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Hacktreks

Mosquitoes and Ceiling Fans:
More Chai Anyone?

Colin Todhunter covers the globe
If there is ever a nuclear holocaust an Indian Railways employee will emerge from the rubbled landscape with a shiny urn and the cry of "Chai! Chai! Chai!" will be the only sound to be heard.

"Chai! Chai! Chai!" came the strangled wail that jolted me from my early morning slumber. It sounded like the painful cry of a scalded cat, but it wasn't. It could be only one thing - swarms of Indian Railways chai-sellers, laden with pots and urns. It was five in the morning, and I was travelling from some place to some other place - I can't quite recall - in second class sleeper. At that point, I wished that I wasn't. I would have given almost anything to be lying in the comfort of my own bed rather than on an upper berth surrounded by countless strangers and annoying chai-sellers.

I could have quite easily been left in peace for another four hours, but this was an Indian train. As was usual, people were coming to life early and by about six, were out of their berths and sitting, eating or just glaring out of the window. I can't understand why most people arise so early and then sit bored witless for hours when they could pass the time by sleeping. Maybe the chai-sellers have a lot to do with it. They prowl the corridors shouting and screaming as if their particular chai is the last available chai on the planet, and instil a sense of urgency by making everyone feel that they must order some before it runs out. Unfortunately, it never does. There is always an endless supply of chai and chai-sellers - all day and half of the night - no matter what. If there is ever a nuclear holocaust I am convinced that an Indian Railways employee will emerge somehow from the rubbled landscape with a shiny urn and the cry of "Chai! Chai! Chai!" will be the only sound to be heard.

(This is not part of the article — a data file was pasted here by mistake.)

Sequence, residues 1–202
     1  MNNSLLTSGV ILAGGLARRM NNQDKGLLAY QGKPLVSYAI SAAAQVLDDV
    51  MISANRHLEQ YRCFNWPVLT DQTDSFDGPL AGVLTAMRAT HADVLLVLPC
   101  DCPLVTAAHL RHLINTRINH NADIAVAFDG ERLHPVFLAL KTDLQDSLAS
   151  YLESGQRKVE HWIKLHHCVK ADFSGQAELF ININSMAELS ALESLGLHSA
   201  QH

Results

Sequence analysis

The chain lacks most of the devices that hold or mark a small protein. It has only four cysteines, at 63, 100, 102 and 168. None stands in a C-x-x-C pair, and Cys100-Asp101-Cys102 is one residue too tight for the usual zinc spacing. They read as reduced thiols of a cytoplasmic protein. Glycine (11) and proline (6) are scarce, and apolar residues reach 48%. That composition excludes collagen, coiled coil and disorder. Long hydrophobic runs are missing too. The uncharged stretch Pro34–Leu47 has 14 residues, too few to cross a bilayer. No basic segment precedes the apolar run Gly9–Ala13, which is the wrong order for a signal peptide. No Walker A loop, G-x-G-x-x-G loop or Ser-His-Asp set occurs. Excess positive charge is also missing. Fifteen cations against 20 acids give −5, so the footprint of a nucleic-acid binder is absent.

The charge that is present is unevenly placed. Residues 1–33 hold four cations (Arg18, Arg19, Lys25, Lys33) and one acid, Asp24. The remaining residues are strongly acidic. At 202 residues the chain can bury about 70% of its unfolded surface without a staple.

It wasn't unusual for me to be annoyed by the early morning chai-sellers. I am used to them appearing en masse at some un-Godly hour, but that has never made me any more accepting of them. This journey was like one hundred others I had taken before. They arrive on the scene just at the precise moment I am beginning ton doze-off. The whole night is always spent tossing from side-to-side, trying to ignore the clattering noise of wheels on track. The train continues to slam sideways and up and down as it clatters along and I become increasingly paranoid and preoccupied with thoughts of imminent derailment. I can never sleep - well not until around five or six in the morning. It is then that after a sleepless night that I begin to feel mentally jaded and sleep kicks-in. Alas, the chai-sellers soon put a stop to that.